In Congress, some representatives introduced legislation that would have committed the U.S. to go to war on further provocation—another Lusitania, say—but also came very close to passing a bill that would deny passports to any Americans who intended to book passage to Europe. Simultaneously, President Wilson was campaigning for reelection—the vote would take place less than a month after the final game of the World Series—on a contorted platform that featured, first and foremost, the slogan, “HE KEPT US OUT OF WAR,” but also embraced the preparedness issue.

Wilson made sure that he embraced it boldly but vaguely, so as to offend no one while trying to appeal to everyone. On February 2, 1916, Wilson told a cheering St. Louis audience that America must bolster its strength, “in order that we may be in a condition to serve the restoration of the world, the healing process.” This was, he said, “not a military policy; this is a policy of adequate preparation for national defense, and any man who represents it in any other light must either be ignorant or consciously misrepresenting the facts.”

Those who wanted to represent the facts at all said, “What?” or “Beg pardon?” Theodore Roosevelt, Wilson’s opponent in the previous presidential election, got it: “Wilson,” he grumbled, “with his lack of all convictions and willingness to follow every gust of popular opinion, will be supported by the mass of our fellow countrymen.” He was right; Wilson won a squeaker of an election that November. The proximate reason was that the Republican nominee, former Supreme Court justice Charles Evans Hughes, bollixed up his approach to California Republicans, which was enough for him to lose the state and thereby the election (Wilson took the Electoral College 277-254; shift California’s 13 electoral votes into Hughes’ column and he would have won).

The larger reason was that public incoherence led to political incoherence. The Republicans (with the exception of Roosevelt) couldn’t be more belligerent than Wilson, because it would have been unpopular, so Hughes stuck to preparedness, an issue which Wilson had already stolen from him. Perceiving little difference between the two parties except that Hughes was anti-labor, a slim majority went with Wilson.

At about the same time all of this sinking and dying and bloviating was happening, Wilson’s personal emissary, Colonel Edward House (who wasn’t a colonel) was in Europe promising that if the Entente just played things the right way the U.S. would definitely get into the war, while telling the Germans that if they just, oh, quit—even if, as measured by the fact that the war was taking place in France, they were winning—that the U.S. definitely would not get into the war, but would just mediate the peace. Wilson insisted on adding, “probably,” to both offers, so no one knew what the U.S. were promising, if anything.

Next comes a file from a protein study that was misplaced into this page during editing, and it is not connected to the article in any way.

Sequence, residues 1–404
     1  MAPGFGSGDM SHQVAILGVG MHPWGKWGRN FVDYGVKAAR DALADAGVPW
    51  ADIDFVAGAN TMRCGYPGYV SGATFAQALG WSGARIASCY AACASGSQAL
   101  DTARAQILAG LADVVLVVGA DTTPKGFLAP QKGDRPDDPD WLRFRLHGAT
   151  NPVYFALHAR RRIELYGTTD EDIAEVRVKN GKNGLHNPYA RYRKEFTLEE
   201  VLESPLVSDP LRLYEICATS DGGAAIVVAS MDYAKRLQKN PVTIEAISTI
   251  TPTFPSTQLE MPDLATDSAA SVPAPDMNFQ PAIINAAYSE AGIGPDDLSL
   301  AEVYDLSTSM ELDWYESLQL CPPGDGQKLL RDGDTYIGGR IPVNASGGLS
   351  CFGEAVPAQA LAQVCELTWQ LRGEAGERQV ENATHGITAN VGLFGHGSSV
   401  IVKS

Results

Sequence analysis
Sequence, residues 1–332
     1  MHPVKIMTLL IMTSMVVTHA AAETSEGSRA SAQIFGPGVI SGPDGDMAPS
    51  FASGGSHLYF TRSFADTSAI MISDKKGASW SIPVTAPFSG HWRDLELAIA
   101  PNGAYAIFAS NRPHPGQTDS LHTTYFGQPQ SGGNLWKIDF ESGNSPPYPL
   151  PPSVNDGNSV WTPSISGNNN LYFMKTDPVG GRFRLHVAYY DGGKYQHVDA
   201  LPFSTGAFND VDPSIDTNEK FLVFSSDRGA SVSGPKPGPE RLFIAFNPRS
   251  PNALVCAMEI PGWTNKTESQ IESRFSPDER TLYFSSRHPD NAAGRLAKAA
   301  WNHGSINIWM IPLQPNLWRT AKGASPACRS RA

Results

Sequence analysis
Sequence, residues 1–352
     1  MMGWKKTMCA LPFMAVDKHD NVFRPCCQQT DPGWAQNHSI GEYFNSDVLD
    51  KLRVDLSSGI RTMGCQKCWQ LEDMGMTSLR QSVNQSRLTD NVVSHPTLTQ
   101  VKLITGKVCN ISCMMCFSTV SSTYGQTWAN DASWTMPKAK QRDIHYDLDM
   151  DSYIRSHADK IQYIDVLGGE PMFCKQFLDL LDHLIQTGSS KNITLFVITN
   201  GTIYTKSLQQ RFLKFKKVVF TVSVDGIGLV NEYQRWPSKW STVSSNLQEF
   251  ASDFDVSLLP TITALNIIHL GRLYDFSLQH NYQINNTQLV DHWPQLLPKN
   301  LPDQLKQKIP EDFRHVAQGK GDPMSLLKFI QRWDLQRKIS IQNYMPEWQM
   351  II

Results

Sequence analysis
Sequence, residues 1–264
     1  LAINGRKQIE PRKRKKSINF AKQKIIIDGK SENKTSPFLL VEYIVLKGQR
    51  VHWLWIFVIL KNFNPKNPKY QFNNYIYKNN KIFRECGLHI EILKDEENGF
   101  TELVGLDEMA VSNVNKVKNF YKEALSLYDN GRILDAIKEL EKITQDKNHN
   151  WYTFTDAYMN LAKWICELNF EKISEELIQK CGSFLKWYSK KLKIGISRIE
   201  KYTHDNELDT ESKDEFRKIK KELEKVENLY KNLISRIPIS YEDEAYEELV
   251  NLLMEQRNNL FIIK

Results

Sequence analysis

Given the foregoing, everyone playing or watching or even ignoring the 1916 World Series understood that there was a major war on; that even though the United States was not a party to the conflict at the moment they likely would be eventually. After the first game, the Boston Globe’s front page was split between two headlines: “RED SOX COME THROUGH 6-5, AFTER SEEING GAME ALMOST SLIP AWAY” and “U-BOAT VISITS NEWPORT, RI.” “Visits” is a strangely neutral word choice that makes it seem as if the Germans were just there to do some sightseeing. The submarine was still lurking about after Game Five, chasing ships off of Nantucket Island. So much was closing in, and if we could look down a list of the 164,859 who attended the games at Braves Field (the Red Sox ditched Fenway for their National League rival’s larger stadium) and Ebbets Field (where Charles Ebbets drove down sales by charging an exorbitant $5 for grandstand seats), we would find many who, within a year or two, would no longer be alive.

A Hardball Times Update
Goodbye for now.

Just before the start of the next baseball season, things would change. The United States, having watched public opinion harden towards the Germans, endured another declaration of unrestricted submarine warfare, and would declare war on Germany. All the indecision of 1916 would be swept away within months of the last out. A few ballplayers, such as Hank Gowdy, would enlist right away. Others would put it off until the government insisted they “work or fight” and baseball shut down in 1918.

It is tempting to think of Harvard Eddie Grant, the recently retired New York Giants utility infielder beloved by manager John McGraw, attending a game of the ’16 Series in Boston. At the end of the 1915 season he had returned there to pursue a full-time career in law, something that heretofore had only occupied him in the offseason. A preparedness believer, he had gone to one of General Leonard Wood’s original Plattsburg training camps and joined up as soon as war was declared. He was the first former ballplayer to do so. On October 5, 1918, as he completed a momentary break from the desperate, confused fighting in France’s Argonne Forest, a shell landed nearly on top of him. A large metal fragment tore through his body, killing him instantly.

Perhaps he had been at Game Two and saw Babe Ruth, who at only 21 was one of the best pitchers in baseball that year, pitch a 14-inning complete game to beat the Dodgers 2-1. Maybe he stayed for the entire two and a half hours, and afterward stopped to chat with the Dodgers’ Rube Marquard, his old teammate. Then he vanished, back into his law books, into uniform, into history.

Because Game Two was an all left-handed affair, future platooning proponent Stengel spent the entire afternoon on the bench. “That game was so famous,” he groused in later years, “they never used me.” He would get other opportunities, of course, while others were more permanently deselected. Somewhere, perhaps midway through 1917, the virus soon to be known as the Spanish Flu underwent the mutation that would allow it to spread and kill with merciless efficiency. Perhaps 50 or 100 million died of the disease, many of them in uniform; in the trenches and the cantonments, the soldiers lived in close quarters, and breathed and coughed and sneezed on each other. The infection raged; the piles of corpses grew still higher. Had Eddie Grant been so lucky as to survive the Argonne, he might have died then.